PROACTIVE REPRESENTATION THAT GETS RESULTS

PROACTIVE REPRESENTATION THAT GETS RESULTS

New federal law ends forced arbitration of sexual assault or harassment claims

On Behalf of | Apr 12, 2022 | Arbitration, Class Action, Employment Contracts, Sexual Harassment

Not much in Congress has bipartisan support nowadays, but a new federal law managed to bridge the gap from one side of the aisle to the other. Effective March 3, 2022, a new law provides that mandatory arbitration clauses can no longer require victims of sexual harassment or sexual assault to arbitrate their legal claims.

The new law also allows victims to pursue their claims as or on behalf of a class (i.e., a class action), despite the fact that many mandatory arbitration agreements commonly require individuals to pursue all claims on an individual basis only.

President signs popular bill

President Joe Biden approved the groundbreaking Ending Forced Arbitration of Sexual Assault and Sexual Harassment Act of 2021 on March 3 and it took immediate effect. At the signing, Pres. Biden noted that “[b]etween half and three quarters of all women [plus some men] report that they have faced some form of sexual harassment in the workplace.” He also said that 60 million U.S. employees are subject to forced arbitration clauses, sometimes without their knowledge.

Public opinion a factor

The evolution of this law began in the #MeToo movement, an advocacy and support organization established in 2006 and dedicated to those who survive sexual misconduct and violence, especially in the workplace. Public awareness of serial inappropriate and offensive behavior by powerful men toward the women who reported to them or were dependent on them for success and promotion exploded.

One reason this behavior seemed to have gone on in secret, often involving repeat offenders, was because of the fine print in employment contracts. Arbitration clauses required legal claims arising out of the employment relationship to be resolved by private and confidential arbitration, not in court.

The new law is one response to collective outrage at arbitration provisions. The process the law creates is straightforward:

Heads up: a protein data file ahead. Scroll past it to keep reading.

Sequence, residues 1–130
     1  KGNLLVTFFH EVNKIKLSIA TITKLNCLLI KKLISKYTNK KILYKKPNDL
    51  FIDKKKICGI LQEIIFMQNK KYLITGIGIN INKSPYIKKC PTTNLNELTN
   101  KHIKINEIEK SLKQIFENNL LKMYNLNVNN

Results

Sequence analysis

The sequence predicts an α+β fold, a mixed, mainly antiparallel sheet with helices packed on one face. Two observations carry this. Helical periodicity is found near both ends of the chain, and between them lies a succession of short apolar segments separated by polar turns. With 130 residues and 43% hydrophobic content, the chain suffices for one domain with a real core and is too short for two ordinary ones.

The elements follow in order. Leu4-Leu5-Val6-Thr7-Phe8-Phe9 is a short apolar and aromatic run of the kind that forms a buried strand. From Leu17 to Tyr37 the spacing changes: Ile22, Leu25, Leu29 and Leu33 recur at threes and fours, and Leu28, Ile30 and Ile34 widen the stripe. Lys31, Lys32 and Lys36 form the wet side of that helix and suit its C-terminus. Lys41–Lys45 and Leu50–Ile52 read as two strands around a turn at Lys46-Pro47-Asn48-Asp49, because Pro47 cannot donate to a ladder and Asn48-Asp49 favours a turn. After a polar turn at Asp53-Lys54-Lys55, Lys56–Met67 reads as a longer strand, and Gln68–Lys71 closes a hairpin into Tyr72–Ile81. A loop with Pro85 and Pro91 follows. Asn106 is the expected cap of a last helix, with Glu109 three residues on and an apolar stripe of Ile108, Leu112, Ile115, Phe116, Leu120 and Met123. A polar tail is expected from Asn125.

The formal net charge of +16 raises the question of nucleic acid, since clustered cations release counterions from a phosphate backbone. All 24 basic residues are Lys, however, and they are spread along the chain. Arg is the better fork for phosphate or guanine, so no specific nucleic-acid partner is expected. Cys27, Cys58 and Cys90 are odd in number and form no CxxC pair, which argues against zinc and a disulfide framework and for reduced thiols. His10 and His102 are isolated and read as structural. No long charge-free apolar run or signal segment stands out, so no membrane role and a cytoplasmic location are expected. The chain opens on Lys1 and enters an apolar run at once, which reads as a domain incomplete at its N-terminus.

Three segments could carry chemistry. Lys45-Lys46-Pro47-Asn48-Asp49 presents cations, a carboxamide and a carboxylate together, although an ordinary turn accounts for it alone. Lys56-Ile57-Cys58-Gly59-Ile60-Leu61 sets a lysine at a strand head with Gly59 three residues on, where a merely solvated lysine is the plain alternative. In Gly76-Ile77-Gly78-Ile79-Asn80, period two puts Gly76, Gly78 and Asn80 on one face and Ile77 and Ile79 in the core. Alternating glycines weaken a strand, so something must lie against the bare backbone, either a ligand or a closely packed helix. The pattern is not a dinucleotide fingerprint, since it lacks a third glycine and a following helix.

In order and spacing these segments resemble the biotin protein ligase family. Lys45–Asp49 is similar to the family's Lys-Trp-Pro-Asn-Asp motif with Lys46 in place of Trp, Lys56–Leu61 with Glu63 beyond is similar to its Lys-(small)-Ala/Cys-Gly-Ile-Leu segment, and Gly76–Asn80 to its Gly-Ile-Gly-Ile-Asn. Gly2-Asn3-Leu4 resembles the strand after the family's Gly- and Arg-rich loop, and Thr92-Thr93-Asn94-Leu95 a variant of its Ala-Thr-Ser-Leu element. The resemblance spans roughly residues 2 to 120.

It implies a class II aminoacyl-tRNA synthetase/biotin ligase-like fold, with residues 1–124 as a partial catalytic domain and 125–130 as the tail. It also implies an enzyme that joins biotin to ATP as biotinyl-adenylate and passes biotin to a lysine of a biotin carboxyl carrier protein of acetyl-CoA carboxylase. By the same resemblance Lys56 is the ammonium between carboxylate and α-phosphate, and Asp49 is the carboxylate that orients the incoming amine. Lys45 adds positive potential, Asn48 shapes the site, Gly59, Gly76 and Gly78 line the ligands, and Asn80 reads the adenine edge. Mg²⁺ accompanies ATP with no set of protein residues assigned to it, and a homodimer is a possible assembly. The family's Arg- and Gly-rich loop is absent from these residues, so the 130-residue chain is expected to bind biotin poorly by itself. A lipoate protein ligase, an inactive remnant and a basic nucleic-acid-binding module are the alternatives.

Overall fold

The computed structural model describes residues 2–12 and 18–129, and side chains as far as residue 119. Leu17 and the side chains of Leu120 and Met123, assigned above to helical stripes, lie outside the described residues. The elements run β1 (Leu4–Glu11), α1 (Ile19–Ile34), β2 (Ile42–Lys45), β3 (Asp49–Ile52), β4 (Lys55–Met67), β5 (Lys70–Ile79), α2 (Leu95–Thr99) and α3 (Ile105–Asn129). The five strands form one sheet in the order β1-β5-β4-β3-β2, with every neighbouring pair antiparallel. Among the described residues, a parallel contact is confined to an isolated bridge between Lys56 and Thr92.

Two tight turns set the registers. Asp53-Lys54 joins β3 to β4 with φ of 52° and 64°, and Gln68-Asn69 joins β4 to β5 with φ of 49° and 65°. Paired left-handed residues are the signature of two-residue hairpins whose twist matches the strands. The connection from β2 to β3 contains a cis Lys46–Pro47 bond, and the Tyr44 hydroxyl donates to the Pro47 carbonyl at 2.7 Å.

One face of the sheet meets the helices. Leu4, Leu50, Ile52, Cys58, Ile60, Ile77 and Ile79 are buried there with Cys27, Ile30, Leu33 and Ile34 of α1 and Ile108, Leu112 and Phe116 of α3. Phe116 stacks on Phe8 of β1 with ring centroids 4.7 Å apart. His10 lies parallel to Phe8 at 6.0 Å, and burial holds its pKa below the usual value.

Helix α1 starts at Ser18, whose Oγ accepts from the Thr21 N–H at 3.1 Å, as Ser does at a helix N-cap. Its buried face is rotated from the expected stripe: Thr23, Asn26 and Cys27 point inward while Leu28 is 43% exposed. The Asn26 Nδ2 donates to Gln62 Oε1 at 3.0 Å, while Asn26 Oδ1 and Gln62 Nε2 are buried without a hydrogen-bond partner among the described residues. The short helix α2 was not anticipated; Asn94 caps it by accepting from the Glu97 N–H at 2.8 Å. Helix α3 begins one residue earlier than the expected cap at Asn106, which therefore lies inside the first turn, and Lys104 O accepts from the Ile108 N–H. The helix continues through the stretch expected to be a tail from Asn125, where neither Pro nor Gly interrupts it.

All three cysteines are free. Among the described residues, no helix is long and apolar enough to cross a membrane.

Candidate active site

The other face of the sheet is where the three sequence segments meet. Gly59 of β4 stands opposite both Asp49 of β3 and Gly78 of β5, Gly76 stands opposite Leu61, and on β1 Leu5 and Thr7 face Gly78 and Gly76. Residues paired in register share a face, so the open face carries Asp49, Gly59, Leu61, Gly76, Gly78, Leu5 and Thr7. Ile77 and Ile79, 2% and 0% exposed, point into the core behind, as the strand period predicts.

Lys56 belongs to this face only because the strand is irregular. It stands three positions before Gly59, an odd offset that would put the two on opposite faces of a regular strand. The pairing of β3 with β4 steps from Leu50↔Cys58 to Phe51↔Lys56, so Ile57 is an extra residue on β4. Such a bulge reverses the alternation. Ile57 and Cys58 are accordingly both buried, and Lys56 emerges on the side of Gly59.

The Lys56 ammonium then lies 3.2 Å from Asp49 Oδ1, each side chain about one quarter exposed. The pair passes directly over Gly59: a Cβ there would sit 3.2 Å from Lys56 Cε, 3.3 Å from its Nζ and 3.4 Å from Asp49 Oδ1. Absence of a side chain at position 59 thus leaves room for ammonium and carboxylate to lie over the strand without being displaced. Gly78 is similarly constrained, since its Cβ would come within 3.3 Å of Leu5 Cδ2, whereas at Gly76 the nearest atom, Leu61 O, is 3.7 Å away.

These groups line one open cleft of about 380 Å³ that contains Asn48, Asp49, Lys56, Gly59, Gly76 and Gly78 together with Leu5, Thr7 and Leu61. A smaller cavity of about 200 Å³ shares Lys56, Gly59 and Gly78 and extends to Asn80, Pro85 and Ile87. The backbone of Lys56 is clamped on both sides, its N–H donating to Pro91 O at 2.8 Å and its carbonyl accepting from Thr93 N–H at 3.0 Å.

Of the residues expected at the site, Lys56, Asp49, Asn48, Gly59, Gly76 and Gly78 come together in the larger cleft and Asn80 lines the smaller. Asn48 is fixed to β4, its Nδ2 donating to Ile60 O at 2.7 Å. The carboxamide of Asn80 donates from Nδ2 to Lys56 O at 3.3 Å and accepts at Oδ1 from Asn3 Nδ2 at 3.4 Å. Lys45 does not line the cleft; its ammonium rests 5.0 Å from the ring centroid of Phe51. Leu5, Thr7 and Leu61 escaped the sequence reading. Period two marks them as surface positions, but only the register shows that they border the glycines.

1. The law applies if the dispute (about sexual assault or sexual harassment) arose or accrued on or after March 3, 2022. The date the parties signed any arbitration agreement if irrelevant, as long as the dispute arose after March 3, 2022.
  2. If the new law applies to the dispute and an arbitration provision applies, the person alleging sexual misconduct has the power to elect whether to proceed with arbitration (the individual may prefer a private, confidential forum) or proced in a court of law (where the allegations will be made public).
  3. If the parties disagree about whether the new law applies to a dispute, a court must decide the issue under federal law, not an arbitrator (even if the applicable arbitration agreement states that an arbitrator decides various threshold issues).

Key takeaways

Kentucky employers are encouraged to inform their workforces about the new law and take the opportunity to reiterate their anti-harassment policies, confirm their zero tolerance for such inappropriate conduct, and remind employees of their obligation to report any such offensive behavior.

Employers should also consult with legal counsel about the impact of the new law on existing mandatory arbitration agreements and the new law’s interaction with state law. An experienced employment attorney can review existing contracts and recommend helpful modifications that both comply with the law and protect the employer as much as possible.

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